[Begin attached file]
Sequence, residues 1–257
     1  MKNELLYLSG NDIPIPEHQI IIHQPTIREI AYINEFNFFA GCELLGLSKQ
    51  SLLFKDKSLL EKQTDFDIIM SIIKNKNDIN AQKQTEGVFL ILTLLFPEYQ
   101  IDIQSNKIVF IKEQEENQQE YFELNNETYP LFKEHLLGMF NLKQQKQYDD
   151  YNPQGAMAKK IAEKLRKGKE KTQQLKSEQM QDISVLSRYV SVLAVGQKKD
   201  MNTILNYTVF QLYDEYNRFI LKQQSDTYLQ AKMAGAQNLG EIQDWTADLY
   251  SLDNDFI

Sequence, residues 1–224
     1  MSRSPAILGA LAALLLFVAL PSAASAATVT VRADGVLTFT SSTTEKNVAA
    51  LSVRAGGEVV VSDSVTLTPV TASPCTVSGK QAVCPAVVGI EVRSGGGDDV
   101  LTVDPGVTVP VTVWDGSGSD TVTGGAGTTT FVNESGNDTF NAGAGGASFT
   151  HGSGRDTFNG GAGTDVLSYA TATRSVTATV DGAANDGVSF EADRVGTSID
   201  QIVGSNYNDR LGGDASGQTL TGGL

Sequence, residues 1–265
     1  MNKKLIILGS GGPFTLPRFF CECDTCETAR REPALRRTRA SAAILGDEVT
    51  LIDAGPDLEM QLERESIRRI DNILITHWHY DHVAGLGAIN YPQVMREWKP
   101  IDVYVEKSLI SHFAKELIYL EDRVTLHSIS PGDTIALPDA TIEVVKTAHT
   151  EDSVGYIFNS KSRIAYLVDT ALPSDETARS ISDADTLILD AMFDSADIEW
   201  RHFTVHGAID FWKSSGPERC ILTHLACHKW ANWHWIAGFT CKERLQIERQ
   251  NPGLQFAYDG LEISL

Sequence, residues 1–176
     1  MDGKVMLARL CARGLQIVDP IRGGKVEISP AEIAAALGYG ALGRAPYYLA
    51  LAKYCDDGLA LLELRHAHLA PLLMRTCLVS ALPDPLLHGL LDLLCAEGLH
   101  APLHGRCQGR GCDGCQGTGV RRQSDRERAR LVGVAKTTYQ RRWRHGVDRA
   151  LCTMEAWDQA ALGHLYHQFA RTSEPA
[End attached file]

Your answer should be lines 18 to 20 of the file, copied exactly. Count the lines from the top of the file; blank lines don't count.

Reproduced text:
   151  EDSVGYIFNS KSRIAYLVDT ALPSDETARS ISDADTLILD AMFDSADIEW
   201  RHFTVHGAID FWKSSGPERC ILTHLACHKW ANWHWIAGFT CKERLQIERQ
   251  NPGLQFAYDG LEISL